Unfortunately, the AMT is beginning to adversely affect a rapidly increasing number of middle-income households because the AMT was never indexed for inflation, and because the 2001 and 2003 tax cuts substantially lowered taxpayers’ liability under the regular income tax without changing the AMT structure.
Senate Republicans voted against the Reid cloture motion because H.R. 3996 offset the cost of providing middle-class households with tax relief from the AMT by closing tax loopholes that benefit private equity firms and hedge funds, allowing the very wealthiest households to enjoy tax rates lower than those paid by middle-income households and, in some cases, to deter federal taxes indefinitely.
The Senate rejected the Reid cloture motion to end debate and proceed to a vote on the AMT fix, 46-48, on December 6, 2007. (A cloture motion must be approved by 60 Senators.)A “Yes” vote on the Reid cloture motion was counted as a “Right” vote.
12. FY 2008 Labor-HHS-Education Appropriations (Vote #405)
AFGE supported the conference agreement on the FY 2008 Labor-HHS-Education Appropriations bill (H.R. 3043), a bill that provided substantial funding increases in a number of key areas that benefit working families – such as job training, education, health care, child care, and services for the elderly.
The conference agreement increased the Labor-HHS-Education budget by $5.2 billion, or 3.5%, over the FY 2007 level adjusted for inflation. In so doing, lawmakers rejected President Bush’s proposal to cut the Labor-HHS-Education budget by $6.7 billion, or 4.5%, below the FY 2007 level adjusted for inflation.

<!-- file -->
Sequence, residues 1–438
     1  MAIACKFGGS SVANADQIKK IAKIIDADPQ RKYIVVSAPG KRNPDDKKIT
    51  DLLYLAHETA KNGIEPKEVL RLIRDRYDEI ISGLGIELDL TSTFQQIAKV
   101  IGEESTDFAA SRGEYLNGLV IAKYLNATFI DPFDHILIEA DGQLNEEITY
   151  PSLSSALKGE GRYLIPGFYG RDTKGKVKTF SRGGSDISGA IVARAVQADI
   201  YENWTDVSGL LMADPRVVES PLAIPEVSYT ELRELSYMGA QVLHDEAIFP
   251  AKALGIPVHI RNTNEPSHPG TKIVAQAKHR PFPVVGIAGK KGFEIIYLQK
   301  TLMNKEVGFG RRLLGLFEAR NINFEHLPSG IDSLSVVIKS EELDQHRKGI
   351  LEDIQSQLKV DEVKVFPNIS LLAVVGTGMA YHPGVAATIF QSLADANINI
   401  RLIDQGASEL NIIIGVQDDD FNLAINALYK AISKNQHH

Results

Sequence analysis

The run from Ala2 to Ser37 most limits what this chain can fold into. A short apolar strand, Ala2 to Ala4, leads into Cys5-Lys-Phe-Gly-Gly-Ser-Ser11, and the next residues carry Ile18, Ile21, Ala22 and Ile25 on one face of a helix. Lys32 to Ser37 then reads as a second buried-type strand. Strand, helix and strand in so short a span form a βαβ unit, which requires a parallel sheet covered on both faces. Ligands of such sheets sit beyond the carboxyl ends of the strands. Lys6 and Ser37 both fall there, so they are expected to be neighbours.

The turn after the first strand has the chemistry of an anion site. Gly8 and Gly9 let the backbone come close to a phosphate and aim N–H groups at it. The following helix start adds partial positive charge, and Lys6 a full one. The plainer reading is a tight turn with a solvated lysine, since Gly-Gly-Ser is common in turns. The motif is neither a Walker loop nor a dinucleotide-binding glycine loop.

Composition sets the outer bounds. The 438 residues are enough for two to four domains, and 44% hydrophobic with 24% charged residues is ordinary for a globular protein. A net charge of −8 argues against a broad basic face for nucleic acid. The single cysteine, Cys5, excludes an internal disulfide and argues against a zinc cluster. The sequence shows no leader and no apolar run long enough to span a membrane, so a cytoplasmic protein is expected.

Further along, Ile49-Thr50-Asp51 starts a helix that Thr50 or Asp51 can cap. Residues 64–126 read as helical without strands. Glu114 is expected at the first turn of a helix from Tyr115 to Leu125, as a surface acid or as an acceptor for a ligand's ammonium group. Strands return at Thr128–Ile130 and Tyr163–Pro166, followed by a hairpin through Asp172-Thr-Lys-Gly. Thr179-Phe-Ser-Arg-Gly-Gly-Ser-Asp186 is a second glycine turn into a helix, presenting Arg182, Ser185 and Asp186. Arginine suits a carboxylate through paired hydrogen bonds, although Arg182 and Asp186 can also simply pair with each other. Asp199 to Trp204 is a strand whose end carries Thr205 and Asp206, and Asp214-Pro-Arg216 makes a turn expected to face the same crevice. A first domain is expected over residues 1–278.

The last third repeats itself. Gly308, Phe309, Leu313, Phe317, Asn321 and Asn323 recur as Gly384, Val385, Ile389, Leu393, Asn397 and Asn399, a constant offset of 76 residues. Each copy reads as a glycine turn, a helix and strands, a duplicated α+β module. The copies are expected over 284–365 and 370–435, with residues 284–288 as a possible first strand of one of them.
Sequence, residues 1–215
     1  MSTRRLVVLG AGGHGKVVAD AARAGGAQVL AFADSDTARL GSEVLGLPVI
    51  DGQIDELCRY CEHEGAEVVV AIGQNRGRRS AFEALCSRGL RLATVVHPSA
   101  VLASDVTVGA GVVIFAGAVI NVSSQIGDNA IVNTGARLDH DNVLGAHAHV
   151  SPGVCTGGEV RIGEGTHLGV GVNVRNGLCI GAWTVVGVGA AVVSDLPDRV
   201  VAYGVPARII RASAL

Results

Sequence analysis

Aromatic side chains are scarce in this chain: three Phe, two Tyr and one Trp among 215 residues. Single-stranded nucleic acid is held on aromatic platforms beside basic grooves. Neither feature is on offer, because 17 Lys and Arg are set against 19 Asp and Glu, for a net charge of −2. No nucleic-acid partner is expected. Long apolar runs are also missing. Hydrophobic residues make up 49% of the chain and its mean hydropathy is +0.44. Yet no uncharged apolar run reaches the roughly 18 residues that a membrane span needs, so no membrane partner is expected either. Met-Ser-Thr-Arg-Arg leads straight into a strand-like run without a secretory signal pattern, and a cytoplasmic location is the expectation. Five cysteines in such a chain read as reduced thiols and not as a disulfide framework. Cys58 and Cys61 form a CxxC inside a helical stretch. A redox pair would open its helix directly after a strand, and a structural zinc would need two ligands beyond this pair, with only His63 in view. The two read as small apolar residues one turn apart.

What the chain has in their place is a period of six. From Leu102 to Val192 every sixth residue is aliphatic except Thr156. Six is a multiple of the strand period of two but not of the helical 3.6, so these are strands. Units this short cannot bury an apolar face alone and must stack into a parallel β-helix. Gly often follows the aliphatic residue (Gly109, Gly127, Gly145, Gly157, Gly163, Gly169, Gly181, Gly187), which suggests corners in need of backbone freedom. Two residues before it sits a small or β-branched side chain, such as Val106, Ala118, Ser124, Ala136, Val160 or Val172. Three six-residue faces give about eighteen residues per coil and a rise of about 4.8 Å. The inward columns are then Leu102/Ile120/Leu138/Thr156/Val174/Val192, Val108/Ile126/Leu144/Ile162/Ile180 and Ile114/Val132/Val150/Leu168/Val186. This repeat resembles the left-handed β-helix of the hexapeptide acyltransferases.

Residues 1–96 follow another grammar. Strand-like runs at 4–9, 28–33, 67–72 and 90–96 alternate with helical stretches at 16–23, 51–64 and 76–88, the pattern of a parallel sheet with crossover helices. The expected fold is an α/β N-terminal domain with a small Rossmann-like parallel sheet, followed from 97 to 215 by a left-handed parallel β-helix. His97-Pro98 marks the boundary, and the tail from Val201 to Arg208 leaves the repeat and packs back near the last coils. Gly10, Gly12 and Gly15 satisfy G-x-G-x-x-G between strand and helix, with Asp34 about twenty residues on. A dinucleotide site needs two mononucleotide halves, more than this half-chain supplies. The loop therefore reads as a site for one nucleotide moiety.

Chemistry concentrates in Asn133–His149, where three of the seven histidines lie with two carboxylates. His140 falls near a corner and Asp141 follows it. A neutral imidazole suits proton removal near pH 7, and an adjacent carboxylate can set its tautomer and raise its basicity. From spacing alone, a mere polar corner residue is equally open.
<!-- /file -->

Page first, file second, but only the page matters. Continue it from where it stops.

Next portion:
The Senate approved this conference agreement on the FY 2008 Labor-HHS-Education Appropriations bill, 56-37, on November 7, 2007. A “Yes” vote in support of this Labor-HHS-Education Appropriations agreement was counted as a “Right” vote.
Unfortunately, President Bush vetoed this Labor-HHS-Education Appropriations agreement on November 13, 2007. The president claimed that his veto stemmed from a concern about the bill’s “fiscally irresponsible” $6 billion increase for key domestic programs that benefit working families. But this claim was difficult to reconcile with the $42 billion he wanted to devote to his own budget priorities, especially defense-related increases that were in addition to – and unrelated to – operations in Iraq and Afghanistan and activities related to terrorism.
The House failed to override President Bush’s veto of the conference agreement on the FY 2008 Labor-HHS-Education Appropriations bill, 277-141, on November 15, 2007. (A House veto override requires a two-thirds majority, or 281 votes.)
13. District of Columbia Voting Rights Act of 2007 (Vote #339)
AFGE supported a motion offered by Senate Majority Leader Harry Reid (D-NV) to invoke cloture – that is, to end debate and proceed to vote – on the District of Columbia Voting Rights Act of 2007 (S. 1257).
The purpose of S. 1257 is to correct the historical anomaly that leaves 600,000 American citizens – who live closest to the seat of our democracy, who pay taxes, who go off to war, and who observe other responsibilities of citizenship – without the right to vote for representation in the U.S. House of Representatives.
S. 1257 would permanently expand the U.S. House of Representatives from 435 to 437 seats, providing one seat to the District of Columbia and one additional seat to the State of Utah, the next state in line to receive an additional seat based on the 2000 census.
The Senate rejected the Reid cloture motion on S. 1257, 57-42, on September 18. (A cloture motion must be approved by 60 Senators.) A “Yes” vote on the cloture motion was counted as a “Right” vote.